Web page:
Bolo Rei and Porto, Portugal

Happy New Year everyone! Hope you all have a great year!!
Here is my first post in 2019 with the revised Bolo Rei recipe for Epiphany. Now I’m  writing this eating the cake – too good to stop!


Upon arrival in Porto after Lisbon and Coimbra, I launched another eating project.

Porto by the River Douro

The first target was Pastel de Nata as I wrote last October, and Bolo Rei was the next. I had always wanted to have the authentic one since I tried the recipe and posted it here two years ago.

My Bolo Rei baked in 2016

Bolo Rei, or King Cake (or King’s Cake, Kings’ Cake), is a traditional Portuguese cake typically eaten during Christmas time until 6th of January. My visit being in September, I had done lots of research in advance – as usual – if it is obtainable even in summer.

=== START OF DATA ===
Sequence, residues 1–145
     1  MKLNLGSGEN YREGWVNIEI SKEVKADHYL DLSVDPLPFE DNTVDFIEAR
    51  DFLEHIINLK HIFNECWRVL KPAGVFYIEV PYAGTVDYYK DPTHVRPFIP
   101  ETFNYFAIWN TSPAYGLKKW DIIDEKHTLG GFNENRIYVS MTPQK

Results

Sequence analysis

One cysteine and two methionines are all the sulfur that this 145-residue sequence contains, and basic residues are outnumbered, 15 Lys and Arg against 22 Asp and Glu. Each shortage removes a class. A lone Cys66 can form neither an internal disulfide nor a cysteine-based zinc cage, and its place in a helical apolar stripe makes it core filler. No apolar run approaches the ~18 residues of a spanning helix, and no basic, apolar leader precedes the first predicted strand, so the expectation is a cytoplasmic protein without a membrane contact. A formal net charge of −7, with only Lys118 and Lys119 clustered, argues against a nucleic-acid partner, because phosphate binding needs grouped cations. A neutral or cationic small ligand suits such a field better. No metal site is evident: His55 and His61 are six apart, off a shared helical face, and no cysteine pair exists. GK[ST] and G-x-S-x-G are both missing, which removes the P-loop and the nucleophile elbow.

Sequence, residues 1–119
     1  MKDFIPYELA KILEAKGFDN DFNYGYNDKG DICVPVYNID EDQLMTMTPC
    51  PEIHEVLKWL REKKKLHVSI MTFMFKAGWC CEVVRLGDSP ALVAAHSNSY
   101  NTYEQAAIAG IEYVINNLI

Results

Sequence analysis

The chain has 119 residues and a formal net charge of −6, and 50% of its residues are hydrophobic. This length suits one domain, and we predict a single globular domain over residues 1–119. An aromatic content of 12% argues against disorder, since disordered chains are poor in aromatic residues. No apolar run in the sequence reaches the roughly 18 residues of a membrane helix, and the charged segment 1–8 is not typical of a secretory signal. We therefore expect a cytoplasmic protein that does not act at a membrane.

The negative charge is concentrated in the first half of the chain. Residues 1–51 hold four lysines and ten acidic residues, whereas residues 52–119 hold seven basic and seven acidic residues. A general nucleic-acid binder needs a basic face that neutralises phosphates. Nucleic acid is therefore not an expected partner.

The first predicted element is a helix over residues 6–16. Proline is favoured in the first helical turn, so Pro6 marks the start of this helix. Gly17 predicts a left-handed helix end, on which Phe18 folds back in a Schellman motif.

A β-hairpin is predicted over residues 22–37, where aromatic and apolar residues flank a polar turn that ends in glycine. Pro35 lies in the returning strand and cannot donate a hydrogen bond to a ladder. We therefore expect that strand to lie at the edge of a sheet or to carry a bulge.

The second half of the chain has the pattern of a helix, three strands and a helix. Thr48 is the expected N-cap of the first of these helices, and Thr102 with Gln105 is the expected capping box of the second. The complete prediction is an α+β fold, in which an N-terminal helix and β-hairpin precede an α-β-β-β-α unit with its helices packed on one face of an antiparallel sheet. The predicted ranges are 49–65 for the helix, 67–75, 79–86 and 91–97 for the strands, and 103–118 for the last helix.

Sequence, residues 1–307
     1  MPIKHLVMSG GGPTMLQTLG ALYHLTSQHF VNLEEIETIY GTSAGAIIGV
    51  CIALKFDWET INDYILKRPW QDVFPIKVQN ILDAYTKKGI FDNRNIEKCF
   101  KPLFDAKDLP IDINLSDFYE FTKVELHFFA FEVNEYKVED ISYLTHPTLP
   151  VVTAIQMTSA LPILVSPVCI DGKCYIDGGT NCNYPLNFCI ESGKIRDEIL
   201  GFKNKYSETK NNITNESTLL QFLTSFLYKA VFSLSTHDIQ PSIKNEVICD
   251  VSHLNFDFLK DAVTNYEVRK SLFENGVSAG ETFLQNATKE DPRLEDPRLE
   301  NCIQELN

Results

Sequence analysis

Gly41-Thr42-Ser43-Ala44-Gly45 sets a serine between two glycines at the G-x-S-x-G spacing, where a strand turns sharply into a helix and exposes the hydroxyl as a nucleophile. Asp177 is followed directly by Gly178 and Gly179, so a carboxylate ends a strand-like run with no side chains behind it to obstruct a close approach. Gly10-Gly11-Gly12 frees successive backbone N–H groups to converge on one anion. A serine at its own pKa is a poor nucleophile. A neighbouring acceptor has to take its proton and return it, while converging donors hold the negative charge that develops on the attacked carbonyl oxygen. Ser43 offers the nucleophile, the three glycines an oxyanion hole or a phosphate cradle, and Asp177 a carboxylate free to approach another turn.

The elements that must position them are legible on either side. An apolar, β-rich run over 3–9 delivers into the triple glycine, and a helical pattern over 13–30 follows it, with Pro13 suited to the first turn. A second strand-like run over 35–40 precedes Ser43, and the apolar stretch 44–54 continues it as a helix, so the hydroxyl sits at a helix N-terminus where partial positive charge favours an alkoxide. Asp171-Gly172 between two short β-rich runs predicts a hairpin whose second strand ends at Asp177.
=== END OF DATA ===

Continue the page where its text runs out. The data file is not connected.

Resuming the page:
Pastelaria Itaipú

I explored the town, finding five bakeries/pastry shops with Bolo Rei. Can you imagine how much I got excited when came across the cake for the fist in my life? 😀

Pastelaria Cristo Rei
Confeitaria do Bolhão

I had assumed that Petúlia might sell Bolo Rei all year round, and I was right! It has a tea room attached, so I enjoyed a slice along with proper English black tea – they have Tetley’s. Yay!

Confeitaria Petúlia

Their cake was so scrumptious that I couldn’t resist to bring a whole – about 2 kilos – back to Japan with me. I am sure the fragrant smell, especially of Port wine, filled in the train carriage and aircraft cabin tempted the passengers 🙂

@ Confeitaria Petúlia